BookDragon Books for the Multi-Culti Reader

The Amazing Age of John Roy Lynch by Chris Barton, illustrated by Don Tate

Amazing Age of John Roy Lynch by Chris Barton on BookDragonNaysayers: picture book this is, yes, but I guarantee that unless you happen to be a post-Civil War scholar, you’ll have something to learn inside these informative pages.

Here are four reasons why most of us need to read this book:

First reason: history. We all should know more about Reconstruction – a “cultural blind spot,” as Chris Barton rightfully laments in his author’s note. “I think it’s a shame how little we question why the civil rights movement in this country occurred a full century following the emancipation of slaves rather than immediately after.”

Second: effective writing. You need to appreciate just how meaningfully clever that title is – it’s a two-fold reference to our hero’s remarkable age when he was elected to the U.S. House of Representatives at just 25, and to the post-Emancipation Proclamation era which was “an age of amazing promise and potential” during which John Roy Lynch was freed from serving his master and to leading his constituents just 10 years later as an elected politician.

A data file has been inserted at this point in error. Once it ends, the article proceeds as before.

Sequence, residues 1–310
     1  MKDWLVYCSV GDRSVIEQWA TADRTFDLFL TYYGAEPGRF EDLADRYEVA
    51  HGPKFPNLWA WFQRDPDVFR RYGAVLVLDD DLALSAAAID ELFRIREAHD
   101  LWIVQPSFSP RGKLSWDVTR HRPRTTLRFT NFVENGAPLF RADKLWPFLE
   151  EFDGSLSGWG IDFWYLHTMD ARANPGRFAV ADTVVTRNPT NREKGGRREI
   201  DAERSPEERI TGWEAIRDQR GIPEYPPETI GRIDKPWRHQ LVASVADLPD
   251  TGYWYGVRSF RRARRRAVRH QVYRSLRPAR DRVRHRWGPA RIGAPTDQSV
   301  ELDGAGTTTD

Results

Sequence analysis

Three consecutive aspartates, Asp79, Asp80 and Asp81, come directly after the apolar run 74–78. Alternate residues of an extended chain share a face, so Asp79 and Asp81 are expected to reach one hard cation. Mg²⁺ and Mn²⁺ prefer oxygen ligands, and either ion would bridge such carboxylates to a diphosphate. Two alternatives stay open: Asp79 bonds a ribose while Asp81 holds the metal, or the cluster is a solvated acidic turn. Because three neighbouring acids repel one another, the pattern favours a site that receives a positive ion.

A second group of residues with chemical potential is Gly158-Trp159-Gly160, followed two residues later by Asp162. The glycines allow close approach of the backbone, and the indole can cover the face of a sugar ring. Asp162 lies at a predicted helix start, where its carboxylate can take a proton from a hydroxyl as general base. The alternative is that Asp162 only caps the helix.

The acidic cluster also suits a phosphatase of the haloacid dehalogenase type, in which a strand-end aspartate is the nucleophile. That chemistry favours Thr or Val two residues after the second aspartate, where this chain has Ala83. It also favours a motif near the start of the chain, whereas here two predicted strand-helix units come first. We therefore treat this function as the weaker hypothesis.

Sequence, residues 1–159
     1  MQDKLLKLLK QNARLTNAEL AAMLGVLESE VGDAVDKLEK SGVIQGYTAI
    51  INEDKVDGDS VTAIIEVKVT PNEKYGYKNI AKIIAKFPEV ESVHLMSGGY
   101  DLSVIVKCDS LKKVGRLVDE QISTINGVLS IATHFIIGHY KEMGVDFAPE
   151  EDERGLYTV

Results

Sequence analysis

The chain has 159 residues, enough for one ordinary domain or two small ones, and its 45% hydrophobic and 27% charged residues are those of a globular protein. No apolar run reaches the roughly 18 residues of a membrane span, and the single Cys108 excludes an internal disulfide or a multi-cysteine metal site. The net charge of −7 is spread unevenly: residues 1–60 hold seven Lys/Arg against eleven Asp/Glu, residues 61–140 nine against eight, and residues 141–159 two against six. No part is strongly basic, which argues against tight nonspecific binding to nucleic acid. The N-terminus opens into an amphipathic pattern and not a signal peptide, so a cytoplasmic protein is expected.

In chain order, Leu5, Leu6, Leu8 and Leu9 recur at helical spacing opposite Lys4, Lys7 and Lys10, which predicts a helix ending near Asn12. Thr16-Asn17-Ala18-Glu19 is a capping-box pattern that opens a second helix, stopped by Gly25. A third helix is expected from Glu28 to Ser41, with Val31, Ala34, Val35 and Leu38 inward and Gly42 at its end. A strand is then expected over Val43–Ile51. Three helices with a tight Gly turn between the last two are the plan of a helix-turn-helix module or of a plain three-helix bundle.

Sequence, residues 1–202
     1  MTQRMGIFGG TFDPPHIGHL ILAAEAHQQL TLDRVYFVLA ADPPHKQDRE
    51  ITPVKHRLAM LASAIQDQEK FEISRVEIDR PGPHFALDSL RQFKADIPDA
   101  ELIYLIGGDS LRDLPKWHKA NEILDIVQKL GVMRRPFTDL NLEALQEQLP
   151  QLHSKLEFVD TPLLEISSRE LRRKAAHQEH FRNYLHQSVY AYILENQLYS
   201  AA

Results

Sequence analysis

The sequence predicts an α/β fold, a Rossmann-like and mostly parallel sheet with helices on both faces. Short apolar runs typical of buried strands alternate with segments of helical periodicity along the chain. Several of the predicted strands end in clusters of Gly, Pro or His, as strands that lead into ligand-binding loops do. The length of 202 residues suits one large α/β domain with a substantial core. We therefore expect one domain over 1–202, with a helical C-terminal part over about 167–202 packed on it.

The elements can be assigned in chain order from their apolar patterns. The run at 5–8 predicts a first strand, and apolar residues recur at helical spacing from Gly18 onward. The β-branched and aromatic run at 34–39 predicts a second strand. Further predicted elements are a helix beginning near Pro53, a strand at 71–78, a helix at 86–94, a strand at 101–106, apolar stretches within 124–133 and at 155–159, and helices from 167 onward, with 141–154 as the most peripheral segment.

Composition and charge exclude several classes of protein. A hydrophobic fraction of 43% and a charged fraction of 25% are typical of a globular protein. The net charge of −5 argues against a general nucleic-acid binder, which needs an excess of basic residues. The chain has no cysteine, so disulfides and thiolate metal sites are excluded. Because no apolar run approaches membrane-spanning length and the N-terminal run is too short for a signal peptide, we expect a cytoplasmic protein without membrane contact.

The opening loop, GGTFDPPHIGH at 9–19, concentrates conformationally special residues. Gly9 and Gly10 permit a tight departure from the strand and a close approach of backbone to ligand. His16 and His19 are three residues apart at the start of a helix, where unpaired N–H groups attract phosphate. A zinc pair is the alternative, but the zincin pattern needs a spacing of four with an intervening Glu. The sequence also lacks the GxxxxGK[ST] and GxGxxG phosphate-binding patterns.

Third: artful intellectual stimulation. Barton tells such a tall tale … that’s actually all true. Lest you have any misplaced doubts, Barton includes extensive end papers, including historical notes and personal statements, a color-coded timeline, additional resources, and even a map of “reconstructed United States.” Artist Don Tate amplifies Barton’s text with resonating milestones from Lynch’s life, from his birth as “half Irish and all slave,” to “true emancipation” at age 16, to the various jobs that eventually led to his appointment as a Justice of the Peace in Mississippi at just 21, to his entry into lofty state then federal government positions.

Fourth: urgency. Almost a century-and-a-half later, Lynch’s legacy remains unequivocally necessary, specifically given the recent tragedies of Ferguson and Baltimore. Lynch’s vision is crystal clear: “When every man, woman, and child can feel and know that his, her, and their rights are fully protected by the strong arm of a generous and grateful Republic, then we can all truthfully say that this beautiful land of ours, over which the Star Spangled Banner so triumphantly waves, is, in truth and in fact, the ‘land of the free and the home of the brave.'” We’ve got work to do for sure.

Every generation gets a new opportunity to learn, grow, strengthen this ‘land of the free and the home of the brave.’ Get inspired with Lynch … and help the next amazing age begin.

Readers: Children

Published: 2015

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